Posts Tagged ‘politics’

Loose Connections Between Dietary Guidelines and Reality

August 16, 2018 — By their very nature, dietary guidelines have a shaky relationship with the reality of what we eat. Before 1977, Americans had no guidelines for what they should eat. But then, a senate select committee published dietary goals for Americans. In 1980, those “goals” became the first edition of  Dietary Guidelines for Americans Controversial from the […]

Politics Are Truly Beside the Point in Obesity

July 26, 2018 — “Politics is the art of looking for trouble, finding it everywhere, diagnosing it incorrectly, and applying the wrong remedies.” Groucho Marx (borrowing words from Ernest Benn) explained perfectly why politics aren’t helpful for dealing with obesity. If you want a case in point, we will send you to a new essay in The American Conservative […]

Cures for Obesity and NCDs from a Perch of Privilege

July 19, 2018 — A jarring story is playing out in public health. Momentum is growing to tax sugary drinks and junk foods all over the world. From a perch of privilege it sounds good. If you tax these bad foods and drinks enough, people will stop buying them. Even better, modeling exercises tell advocates that the benefits will […]

The Global Environment for Soaring Childhood Obesity

July 11, 2018 — New data on almost 13 million people, from 200 countries around the world, points to a tenfold increase in rates of obesity among children and adolescents over the last four decades. This is the largest study of its kind and it paints a startling and depressing picture of a world with soaring childhood obesity. The […]

Of Course Breastfeeding Is a Political Issue

July 10, 2018 — This should not surprise us. Political squabblers have seized upon breastfeeding as a partisan issue. Over the weekend, the New York Times reported: A resolution to encourage breast-feeding was expected to be approved quickly and easily by the hundreds of government delegates who gathered this spring in Geneva for the United Nations-affiliated World Health Assembly. […]

UK Obesity Plan: Will It Be Enough?

June 27, 2018 — This week, the UK is taking even bolder action to reduce childhood obesity. A new obesity plan aims to cut England’s rate of childhood obesity in half by 2030. How, you ask? The answer involves marketing restrictions, restaurant calorie labeling, and a Daily Mile for primary students. All this comes on top of a sugary […]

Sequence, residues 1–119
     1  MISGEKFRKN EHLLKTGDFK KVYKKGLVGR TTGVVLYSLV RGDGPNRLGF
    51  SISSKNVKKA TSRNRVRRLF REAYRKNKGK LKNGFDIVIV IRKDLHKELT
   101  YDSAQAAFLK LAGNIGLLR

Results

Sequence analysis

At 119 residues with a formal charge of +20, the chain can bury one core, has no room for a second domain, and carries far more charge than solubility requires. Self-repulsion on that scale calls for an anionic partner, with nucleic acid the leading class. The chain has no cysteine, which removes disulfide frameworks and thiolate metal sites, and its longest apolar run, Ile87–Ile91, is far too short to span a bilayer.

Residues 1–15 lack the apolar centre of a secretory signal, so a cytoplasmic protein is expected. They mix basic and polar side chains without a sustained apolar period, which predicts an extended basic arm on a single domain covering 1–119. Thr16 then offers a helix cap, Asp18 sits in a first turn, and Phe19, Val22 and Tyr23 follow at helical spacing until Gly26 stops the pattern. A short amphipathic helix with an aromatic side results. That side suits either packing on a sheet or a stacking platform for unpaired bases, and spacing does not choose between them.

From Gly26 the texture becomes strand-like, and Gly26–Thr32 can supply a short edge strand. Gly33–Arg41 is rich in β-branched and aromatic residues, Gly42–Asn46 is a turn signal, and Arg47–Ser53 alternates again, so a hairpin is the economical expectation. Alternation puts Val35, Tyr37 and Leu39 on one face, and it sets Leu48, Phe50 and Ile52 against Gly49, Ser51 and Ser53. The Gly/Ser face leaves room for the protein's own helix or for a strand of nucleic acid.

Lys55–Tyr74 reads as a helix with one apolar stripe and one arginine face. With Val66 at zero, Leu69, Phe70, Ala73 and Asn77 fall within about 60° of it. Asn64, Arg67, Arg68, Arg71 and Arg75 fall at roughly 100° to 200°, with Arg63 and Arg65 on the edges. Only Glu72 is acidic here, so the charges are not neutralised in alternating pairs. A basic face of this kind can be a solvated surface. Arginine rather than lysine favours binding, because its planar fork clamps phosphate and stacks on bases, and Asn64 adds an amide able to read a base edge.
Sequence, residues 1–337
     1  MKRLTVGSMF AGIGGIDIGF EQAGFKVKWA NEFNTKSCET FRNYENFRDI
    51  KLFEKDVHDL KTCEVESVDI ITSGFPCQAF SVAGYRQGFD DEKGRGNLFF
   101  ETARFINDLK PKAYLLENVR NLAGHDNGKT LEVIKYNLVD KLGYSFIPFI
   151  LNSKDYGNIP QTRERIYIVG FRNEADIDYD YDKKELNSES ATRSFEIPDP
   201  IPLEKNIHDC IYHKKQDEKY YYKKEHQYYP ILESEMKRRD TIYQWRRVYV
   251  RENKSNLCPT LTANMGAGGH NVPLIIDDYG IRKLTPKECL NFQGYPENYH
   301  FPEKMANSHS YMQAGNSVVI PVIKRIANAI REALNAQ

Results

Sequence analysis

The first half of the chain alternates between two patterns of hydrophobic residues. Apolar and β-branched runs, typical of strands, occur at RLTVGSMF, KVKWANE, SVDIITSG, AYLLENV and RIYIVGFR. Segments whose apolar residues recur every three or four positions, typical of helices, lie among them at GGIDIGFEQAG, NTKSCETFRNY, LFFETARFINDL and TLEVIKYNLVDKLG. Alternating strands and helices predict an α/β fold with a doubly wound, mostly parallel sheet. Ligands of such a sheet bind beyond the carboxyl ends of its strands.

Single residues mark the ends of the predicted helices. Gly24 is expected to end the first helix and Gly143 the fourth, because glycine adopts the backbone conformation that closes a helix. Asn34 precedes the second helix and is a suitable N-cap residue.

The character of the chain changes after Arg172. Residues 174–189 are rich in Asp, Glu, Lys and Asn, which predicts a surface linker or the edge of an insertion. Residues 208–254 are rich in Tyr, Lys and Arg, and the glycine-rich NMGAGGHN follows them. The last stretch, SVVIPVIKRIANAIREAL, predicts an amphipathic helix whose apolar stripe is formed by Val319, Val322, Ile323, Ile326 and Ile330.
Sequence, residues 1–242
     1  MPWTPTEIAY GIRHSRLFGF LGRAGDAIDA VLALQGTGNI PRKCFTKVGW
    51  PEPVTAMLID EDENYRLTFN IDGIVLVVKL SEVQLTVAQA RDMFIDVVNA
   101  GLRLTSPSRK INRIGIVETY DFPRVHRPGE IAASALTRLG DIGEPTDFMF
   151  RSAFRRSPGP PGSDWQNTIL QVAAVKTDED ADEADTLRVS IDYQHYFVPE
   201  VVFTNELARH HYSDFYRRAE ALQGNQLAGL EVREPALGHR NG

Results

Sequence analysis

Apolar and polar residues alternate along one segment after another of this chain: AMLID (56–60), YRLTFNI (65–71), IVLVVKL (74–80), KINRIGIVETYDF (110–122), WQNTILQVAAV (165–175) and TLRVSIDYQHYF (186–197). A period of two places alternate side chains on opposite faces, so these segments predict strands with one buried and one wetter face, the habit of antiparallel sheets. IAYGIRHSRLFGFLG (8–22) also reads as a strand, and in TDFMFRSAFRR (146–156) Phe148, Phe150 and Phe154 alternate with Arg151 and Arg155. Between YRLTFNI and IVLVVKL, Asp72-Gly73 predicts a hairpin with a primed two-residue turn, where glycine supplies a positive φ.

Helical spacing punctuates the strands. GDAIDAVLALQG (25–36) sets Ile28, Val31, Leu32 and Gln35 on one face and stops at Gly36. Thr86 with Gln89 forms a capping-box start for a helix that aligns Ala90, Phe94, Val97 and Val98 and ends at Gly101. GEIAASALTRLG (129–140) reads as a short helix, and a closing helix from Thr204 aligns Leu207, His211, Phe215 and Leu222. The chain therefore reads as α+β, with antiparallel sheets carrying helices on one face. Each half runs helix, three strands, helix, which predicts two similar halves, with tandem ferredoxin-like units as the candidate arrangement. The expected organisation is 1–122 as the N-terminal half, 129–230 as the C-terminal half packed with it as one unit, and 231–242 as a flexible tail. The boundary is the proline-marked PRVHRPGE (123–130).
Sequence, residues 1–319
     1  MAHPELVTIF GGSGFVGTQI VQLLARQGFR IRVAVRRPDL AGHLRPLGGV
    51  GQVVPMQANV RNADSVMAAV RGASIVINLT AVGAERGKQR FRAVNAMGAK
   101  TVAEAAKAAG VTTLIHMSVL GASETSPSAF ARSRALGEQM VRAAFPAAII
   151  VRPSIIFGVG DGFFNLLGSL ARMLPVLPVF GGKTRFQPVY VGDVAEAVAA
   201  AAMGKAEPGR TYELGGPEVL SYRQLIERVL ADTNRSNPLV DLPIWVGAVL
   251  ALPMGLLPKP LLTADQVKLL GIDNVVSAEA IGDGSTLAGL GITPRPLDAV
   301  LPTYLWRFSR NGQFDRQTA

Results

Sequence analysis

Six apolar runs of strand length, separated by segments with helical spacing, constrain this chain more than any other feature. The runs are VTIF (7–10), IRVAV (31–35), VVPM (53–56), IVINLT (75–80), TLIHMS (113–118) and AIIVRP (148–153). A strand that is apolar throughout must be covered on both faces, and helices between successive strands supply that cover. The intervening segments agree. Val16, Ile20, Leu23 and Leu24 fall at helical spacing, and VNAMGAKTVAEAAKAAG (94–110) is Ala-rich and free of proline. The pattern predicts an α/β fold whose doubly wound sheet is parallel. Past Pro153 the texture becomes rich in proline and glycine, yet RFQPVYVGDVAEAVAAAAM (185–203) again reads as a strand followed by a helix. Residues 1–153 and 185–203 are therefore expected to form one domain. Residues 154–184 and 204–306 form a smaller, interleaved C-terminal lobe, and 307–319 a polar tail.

Twisting the Definition of Added Sugars

June 14, 2018 — You might think that “added” means just what it says. But we’re finding out that this might not be the case when we’re talking about added sugars. Cranberry, honey, and maple syrup makers are finding out that added is supposed to mean bad. So it seems like FDA may end up twisting the definition for […]

Oh, SNAP – A Food Fight to Open Nutrition 2018

June 10, 2018 — Yesterday’s opening session of Nutrition 2018, the annual meeting of the American Society for Nutrition, tackled the long-enduring debate about restricting choice in SNAP, the Supplemental Nutrition Assistance Program (formerly known as food stamps). Many arguments exist for – and just as many against – restricting choice for SNAP participants to healthy foods and beverages. […]

Beliefs, Facts, and Truth

June 9, 2018 — In their recent book, Jennifer Kavanagh and Michael Rich tell us that we’re suffering from truth decay. Public discourse now brings more disagreement about facts and their interpretation. They say the line separating facts from personal beliefs and opinions has become blurry. And thus, we have increasing difficulty with civil discourse and policymaking. Certainly, we […]

Health Insurance: New Rules, Higher Costs, Less Coverage

April 13, 2018 — You might have thought that all the news this week was about Syria and the FBI. You would be wrong. While everyone else was focused on those lovely distractions, CMS was busy issuing new rules for health insurance. The net effect is hard to predict. But broadly speaking, you can expect to see higher costs […]